A £5.2 million cash boost for Welsh farmers and a fairer approach to funding across all four corners of the UK has been announced by the UK Government.
Following the recommendations of an independent review led by Lord Bew, the UK Government will allocate £5.2 million of new funding for Welsh farmers until 2022 and create a more tailored funding formula under the UK Government’s funding commitment for this Parliament.
Lord Bew’s review, announced last year, looked at what factors should determine the distribution of so-called ‘convergence’ funding – additional Common Agricultural Policy funding allocated to the UK between 2014 and 2020 to make payment rates more equal between EU Member States – to farmers over the next two years.
Secretary of State for Wales Alun Cairns said:
“The findings from this review build on the UK Government’s commitment to deliver for Welsh farmers, following the Prime Minister’s recent visit to Shervington Farm in Newport.
“I am delighted to confirm that we will be accepting the funding recommendations of the review, and that Welsh farmers will receive over £5m in new funding over the next two years.
“This is a prime example of how leaving the EU will provide us with the opportunity to shape our own policies which better represent the people we serve, ensuring Welsh farmers get a fairer deal in all parts of Wales.”
The new formula to distribute funding across the UK will reward land that previously received less CAP funding per hectare than the EU average. This means the support of the Pillar 1 budget will be tilted slightly towards those who farm in challenging environments, such as upland areas.
Lord Bew’s recommendations aim to address the concerns of farmers and either maintain or increase funding for farmers in other parts of the UK for the 2020 and 2021 scheme years.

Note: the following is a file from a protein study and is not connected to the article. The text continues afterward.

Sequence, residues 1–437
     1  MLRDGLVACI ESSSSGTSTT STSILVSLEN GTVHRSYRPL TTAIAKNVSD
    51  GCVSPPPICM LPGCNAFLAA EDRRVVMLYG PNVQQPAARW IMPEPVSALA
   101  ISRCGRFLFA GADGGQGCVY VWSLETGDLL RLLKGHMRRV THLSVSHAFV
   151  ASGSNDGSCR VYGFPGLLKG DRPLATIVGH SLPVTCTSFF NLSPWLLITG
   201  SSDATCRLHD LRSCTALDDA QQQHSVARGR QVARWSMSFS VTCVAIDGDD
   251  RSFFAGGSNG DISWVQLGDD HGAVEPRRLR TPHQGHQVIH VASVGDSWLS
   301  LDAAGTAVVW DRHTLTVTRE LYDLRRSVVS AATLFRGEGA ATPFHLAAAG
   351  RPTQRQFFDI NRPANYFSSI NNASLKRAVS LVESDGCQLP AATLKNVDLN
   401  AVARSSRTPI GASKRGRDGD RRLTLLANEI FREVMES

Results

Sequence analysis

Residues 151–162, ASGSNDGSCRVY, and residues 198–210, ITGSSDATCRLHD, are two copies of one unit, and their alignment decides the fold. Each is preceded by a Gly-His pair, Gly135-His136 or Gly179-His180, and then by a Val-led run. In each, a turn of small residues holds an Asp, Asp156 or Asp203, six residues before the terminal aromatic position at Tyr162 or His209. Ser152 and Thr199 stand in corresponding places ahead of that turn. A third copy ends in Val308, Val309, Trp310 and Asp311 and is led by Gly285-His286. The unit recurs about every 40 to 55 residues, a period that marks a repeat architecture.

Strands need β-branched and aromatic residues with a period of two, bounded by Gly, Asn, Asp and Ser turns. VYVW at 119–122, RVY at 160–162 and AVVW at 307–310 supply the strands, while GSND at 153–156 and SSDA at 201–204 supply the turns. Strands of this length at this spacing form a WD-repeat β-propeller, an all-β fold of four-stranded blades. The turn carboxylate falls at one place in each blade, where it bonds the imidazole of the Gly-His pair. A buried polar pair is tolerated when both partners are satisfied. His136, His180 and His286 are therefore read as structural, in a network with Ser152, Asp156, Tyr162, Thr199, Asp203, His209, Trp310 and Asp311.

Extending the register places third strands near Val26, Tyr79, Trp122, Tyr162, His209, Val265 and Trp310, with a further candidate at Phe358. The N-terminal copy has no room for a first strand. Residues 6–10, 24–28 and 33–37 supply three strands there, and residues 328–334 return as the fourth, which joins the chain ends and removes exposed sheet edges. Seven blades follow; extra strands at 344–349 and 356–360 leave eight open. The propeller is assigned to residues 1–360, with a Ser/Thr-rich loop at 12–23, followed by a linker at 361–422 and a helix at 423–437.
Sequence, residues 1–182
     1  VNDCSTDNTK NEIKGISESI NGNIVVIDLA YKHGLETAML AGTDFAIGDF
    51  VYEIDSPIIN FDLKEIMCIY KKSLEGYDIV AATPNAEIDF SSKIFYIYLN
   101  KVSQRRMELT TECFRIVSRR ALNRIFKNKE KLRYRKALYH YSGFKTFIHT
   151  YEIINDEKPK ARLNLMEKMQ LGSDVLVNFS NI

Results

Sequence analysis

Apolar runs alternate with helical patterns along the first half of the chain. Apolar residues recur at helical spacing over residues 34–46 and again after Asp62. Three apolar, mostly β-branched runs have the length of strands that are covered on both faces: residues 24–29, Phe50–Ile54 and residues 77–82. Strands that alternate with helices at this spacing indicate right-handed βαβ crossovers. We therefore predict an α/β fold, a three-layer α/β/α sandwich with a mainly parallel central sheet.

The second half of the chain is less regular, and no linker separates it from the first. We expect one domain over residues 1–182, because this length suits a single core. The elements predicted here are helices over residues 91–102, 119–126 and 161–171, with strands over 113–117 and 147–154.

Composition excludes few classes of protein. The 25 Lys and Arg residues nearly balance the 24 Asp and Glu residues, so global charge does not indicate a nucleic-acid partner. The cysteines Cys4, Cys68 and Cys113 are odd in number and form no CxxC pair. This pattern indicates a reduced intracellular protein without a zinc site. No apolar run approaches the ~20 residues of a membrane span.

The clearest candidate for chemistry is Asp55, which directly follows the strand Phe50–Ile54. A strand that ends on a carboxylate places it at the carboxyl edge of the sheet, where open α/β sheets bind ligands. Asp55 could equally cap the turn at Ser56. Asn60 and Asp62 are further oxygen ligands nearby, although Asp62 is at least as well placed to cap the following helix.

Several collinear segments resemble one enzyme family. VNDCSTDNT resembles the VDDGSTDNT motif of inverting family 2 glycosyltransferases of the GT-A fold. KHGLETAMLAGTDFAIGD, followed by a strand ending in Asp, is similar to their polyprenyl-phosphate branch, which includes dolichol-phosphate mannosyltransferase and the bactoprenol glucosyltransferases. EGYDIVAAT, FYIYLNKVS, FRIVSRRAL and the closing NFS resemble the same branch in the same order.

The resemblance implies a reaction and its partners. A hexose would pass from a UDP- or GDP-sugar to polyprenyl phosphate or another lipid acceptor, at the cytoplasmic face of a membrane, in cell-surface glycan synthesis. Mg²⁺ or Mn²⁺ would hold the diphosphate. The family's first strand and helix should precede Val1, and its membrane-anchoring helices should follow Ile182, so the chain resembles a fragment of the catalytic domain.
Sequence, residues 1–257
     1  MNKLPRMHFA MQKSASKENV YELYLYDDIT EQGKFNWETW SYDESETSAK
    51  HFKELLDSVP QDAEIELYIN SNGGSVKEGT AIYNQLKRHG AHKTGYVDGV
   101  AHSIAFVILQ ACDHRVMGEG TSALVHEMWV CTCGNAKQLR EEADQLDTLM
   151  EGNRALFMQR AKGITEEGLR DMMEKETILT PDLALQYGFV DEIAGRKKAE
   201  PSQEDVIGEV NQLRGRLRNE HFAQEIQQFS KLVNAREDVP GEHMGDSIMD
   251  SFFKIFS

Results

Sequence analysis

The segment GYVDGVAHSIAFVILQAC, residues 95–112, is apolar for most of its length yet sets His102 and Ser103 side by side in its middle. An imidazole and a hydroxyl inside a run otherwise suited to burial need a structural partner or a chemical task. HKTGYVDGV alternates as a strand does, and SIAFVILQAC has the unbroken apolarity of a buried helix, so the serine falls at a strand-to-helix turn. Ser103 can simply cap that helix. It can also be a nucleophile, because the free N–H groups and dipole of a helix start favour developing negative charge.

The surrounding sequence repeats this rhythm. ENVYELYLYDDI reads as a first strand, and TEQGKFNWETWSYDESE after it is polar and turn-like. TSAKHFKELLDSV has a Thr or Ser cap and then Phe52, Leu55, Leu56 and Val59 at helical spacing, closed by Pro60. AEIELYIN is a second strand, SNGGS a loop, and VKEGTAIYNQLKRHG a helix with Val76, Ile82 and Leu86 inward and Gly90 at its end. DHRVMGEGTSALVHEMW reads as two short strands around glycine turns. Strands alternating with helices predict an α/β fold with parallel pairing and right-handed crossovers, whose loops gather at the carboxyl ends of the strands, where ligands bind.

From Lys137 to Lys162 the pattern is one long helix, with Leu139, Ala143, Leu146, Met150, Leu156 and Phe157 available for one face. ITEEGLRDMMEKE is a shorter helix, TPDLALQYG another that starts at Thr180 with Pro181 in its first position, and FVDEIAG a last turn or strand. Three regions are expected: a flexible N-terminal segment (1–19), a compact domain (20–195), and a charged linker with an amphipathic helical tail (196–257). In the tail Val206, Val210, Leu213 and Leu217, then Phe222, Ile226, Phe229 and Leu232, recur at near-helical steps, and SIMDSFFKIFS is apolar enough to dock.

- Agriculture funding for 2020-22 should be maintained in England and Northern Ireland and increased in Wales and Scotland. This means an overall funding uplift of £56.59 million will be new money allocated by the Treasury.
- Convergence funding for 2020-22 should be divided according to land across the UK that previously received less CAP funding per hectare than the EU average.
- The ‘per-hectare’ approach is not suitable for future farm support budgets.
- That the budget should reflect the challenges facing farms operating in difficult environments, such as our upland areas.
- Administrations across the UK engage collectively to agree principles for allocation of agriculture funding after 2022.
- UK Governments in all parts of the UK recognise the critical value of farming by protecting, if not enhancing, future agriculture funding – particularly in the context of EU Exit uncertainty.
The panel proposes the following allocations of this funding from 2020 to 2022, but with implied reductions offset with additional funding.
- England – 13.9 per cent
- Scotland – 63.7 per cent
- Wales – 13.7 per cent
- Northern Ireland – 8.7 per cent
In reaching these recommendations, the panel consulted with farming stakeholders, political parties and economists across the UK, as well as Ministers from the Scottish and Welsh Governments and senior officials from Northern Ireland’s Department of Agriculture, Environment and Rural Affairs (DAERA).